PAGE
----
VietNamNet Bridge - General Phung Quang Thanh told the media on August 3,
after he was re-elected as the Defense Minister, that Vietnam will have a
submarine brigade in five to six years to defend the country. The brigade will
consist of six Kilo 636-class subs, he said.
General Phung Quang Thanh
We have assigned the navy, marine police and border guard agencies as the core forces to defend our marine sovereignty and security. We have to defend territorial sovereignty and protect our fishermen who work in Vietnam’s waters. Rescue is also an important task because accidents happen daily in the sea. Vietnamese navy must have good relationships with neighboring countries to maintain marine security together.
How will Vietnam build up a modern naval force to defend the country’s sovereignty?
Building a strong army was mentioned in the 11th Party Congress of Vietnam, which focused on major arms as fortifying navy, air forces, communication, and electronic combat. It aims to strengthen management and defense to protect stability and peace.
Training skillful military personnel to operate state-of-the-art weapons and equipment is also counted as one of the targets.
We need large capital to import equipment for technical arms like navy, air defense, etc. As our budget is limited, we have to purchase equipment gradually. Vietnam can only build up a modern navy in a long time.
Prime Minister Nguyen Tan Dung said that Vietnam would buy six submarines and many modern aircrafts. When will Vietnam receive these vehicles?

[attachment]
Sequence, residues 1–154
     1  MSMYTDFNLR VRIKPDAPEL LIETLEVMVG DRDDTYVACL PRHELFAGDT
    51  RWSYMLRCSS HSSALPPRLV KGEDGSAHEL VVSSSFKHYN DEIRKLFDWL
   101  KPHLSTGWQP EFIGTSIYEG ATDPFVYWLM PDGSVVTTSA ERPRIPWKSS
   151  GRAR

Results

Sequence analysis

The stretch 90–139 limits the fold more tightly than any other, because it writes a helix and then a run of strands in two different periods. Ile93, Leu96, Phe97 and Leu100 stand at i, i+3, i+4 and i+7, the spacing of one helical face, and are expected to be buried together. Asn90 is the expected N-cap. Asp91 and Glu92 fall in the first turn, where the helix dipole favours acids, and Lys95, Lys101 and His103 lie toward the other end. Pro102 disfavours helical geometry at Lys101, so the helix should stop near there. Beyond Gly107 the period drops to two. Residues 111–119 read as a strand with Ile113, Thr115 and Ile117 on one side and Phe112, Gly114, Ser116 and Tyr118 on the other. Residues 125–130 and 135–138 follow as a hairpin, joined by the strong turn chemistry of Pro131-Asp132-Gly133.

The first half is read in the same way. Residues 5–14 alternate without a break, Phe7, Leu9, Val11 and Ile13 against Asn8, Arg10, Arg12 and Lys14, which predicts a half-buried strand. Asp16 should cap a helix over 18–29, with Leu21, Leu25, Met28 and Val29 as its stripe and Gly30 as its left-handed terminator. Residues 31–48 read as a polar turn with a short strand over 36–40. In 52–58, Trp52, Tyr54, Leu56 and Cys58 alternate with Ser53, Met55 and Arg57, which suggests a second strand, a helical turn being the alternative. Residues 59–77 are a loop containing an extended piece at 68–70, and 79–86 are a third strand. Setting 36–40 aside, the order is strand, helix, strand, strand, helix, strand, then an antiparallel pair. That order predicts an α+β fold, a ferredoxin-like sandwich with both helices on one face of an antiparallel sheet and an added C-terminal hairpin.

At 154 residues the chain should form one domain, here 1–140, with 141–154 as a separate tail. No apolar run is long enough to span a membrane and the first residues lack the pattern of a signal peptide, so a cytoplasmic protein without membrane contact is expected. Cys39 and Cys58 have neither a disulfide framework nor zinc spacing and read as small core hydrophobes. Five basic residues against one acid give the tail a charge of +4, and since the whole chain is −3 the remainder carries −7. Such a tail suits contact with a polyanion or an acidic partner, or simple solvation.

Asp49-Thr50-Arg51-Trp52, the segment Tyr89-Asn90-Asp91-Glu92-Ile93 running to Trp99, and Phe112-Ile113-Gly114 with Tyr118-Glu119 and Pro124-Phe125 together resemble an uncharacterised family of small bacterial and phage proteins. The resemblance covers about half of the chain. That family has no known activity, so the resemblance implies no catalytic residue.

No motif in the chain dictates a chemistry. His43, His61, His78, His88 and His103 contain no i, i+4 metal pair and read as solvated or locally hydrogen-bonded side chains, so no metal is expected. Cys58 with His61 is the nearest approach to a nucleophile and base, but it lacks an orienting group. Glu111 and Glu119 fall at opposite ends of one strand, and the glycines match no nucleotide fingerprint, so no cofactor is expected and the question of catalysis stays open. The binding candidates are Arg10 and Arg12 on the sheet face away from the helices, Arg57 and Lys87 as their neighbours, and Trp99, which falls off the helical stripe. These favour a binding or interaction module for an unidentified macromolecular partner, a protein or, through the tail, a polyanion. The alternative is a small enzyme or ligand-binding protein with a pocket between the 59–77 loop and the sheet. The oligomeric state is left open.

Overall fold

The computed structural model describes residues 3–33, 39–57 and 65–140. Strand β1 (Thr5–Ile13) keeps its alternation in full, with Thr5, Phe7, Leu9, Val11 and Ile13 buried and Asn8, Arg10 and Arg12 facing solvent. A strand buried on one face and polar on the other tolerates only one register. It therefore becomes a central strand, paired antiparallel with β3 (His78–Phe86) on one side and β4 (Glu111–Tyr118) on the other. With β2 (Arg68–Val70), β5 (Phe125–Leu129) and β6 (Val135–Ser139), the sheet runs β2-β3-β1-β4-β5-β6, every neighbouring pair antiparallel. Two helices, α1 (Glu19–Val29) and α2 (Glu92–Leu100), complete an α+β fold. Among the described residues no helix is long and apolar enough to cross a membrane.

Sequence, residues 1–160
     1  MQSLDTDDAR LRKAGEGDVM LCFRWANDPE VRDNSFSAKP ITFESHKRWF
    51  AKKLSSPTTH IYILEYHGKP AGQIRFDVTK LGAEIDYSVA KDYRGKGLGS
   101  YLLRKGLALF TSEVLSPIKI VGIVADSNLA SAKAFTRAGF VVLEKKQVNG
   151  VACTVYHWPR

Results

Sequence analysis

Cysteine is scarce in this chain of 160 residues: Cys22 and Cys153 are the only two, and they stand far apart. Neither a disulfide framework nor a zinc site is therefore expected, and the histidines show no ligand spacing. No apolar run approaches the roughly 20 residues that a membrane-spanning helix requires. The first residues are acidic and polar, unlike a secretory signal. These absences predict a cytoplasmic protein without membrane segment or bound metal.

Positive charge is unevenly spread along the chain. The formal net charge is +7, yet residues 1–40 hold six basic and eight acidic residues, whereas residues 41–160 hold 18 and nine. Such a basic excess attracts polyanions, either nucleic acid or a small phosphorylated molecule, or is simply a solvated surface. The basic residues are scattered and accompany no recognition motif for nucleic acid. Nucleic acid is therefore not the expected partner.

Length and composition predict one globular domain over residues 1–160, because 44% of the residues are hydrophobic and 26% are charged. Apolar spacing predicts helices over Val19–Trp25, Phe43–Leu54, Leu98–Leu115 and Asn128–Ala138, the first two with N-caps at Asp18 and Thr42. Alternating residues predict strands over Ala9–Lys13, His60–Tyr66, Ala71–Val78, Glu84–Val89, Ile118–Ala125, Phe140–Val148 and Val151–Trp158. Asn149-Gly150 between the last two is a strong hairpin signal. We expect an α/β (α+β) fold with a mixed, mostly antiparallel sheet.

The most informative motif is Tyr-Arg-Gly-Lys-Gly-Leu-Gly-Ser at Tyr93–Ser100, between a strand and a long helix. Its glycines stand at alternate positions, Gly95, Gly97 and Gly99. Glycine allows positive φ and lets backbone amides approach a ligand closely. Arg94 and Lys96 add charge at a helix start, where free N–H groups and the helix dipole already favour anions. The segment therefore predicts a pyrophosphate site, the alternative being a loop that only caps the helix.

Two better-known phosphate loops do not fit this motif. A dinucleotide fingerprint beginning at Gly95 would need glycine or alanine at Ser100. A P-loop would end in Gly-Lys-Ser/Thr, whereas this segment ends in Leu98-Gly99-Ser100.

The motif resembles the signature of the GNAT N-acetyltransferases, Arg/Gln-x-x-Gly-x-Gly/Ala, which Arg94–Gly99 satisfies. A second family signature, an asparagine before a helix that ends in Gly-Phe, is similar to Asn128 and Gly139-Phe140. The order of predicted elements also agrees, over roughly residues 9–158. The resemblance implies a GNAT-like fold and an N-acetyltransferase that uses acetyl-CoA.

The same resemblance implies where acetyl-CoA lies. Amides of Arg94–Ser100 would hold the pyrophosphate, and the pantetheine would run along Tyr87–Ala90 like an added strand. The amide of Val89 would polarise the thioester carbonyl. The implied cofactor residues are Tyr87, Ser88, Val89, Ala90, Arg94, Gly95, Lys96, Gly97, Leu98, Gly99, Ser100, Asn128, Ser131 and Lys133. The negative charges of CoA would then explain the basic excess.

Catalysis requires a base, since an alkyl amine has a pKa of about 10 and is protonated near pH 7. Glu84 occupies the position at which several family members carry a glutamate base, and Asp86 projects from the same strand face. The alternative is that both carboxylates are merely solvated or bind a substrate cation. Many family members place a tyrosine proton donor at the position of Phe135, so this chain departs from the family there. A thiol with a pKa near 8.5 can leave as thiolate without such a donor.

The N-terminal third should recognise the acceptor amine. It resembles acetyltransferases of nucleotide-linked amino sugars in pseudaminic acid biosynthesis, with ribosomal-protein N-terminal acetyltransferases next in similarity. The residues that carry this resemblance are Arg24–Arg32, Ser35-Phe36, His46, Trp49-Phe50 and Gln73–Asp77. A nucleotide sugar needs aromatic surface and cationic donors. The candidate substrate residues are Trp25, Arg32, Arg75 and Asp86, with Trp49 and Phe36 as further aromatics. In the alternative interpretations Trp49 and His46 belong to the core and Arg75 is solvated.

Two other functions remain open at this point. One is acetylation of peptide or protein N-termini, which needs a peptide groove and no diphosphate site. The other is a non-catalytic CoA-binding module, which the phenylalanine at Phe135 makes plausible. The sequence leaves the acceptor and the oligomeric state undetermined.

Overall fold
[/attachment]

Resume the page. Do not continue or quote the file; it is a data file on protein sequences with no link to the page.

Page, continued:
It is part of Vietnam’s long-term project till 2020. But in 5-6 coming years, we will have a submarine brigade with six kilo 636-class subs.
But, I have to repeat that buying submarines, missiles, fighter jets and other equipment is for self-defense of Vietnam’s sovereignty. It’s definitely not meant a menace to regional nations.
This is not an arms race. It is a common trend in the world that accompanies economic developments. Armies build up their strength to defend their sovereignty. It’s a normal job of nations, including Vietnam. Our country is poor so we can purchase weapons up to our ability.
There are different viewpoints on settling disputes in the East Sea. Some only want to solve the disputes bilaterally, but some want to solve them multilaterally. What is your standpoint?
When I met with naval commanders of ASEAN countries, I told them Vietnam’s viewpoint very clearly. Bilateral disputes will be solved bilaterally. For example, Vietnam and China have disputes over Vietnam’s Hoang Sa (Paracel) Archipelago and the two sides are discussing on demarcation of the Tonkin Gulf’s entrance. These issues will be negotiated bilaterally between Vietnam and China, under international law and the UN Convention on the Law of the Sea 1982 (UNCLOS).
Multilateral disputes like the disputes over the Truong Sa (Spratly) archipelago, which involve Vietnam, China, Taiwan, the Philippines, Malaysia, Brunei.., must be solved by involved parties. China’s nine-dot line in the East Sea harms sovereignty of many countries, so it must be solved multilaterally.
ASEAN countries have the same voice. The fifth ASEAN Defense Ministerial Meeting in Jakarta, Indonesia, released a joint declaration: disputes in the East Sea must be solved by peaceful measures based on international law, the UNCLOS under the spirit of the Declaration on the Conduct of Parties in the East Sea (DOC). Peaceful settlement is negotiation through diplomatic channels between ASEAN and China, not between China with each ASEAN state member.
In early July, Oleg Azizov, a representative of the Russian Defense Export Group, said that Vietnam signed a contract to buy six submarines. Russia will begin hand over the ships to Vietnam as of 2014. Russia will also assist Vietnam to build bases for this vehicle and a maintenance workshop.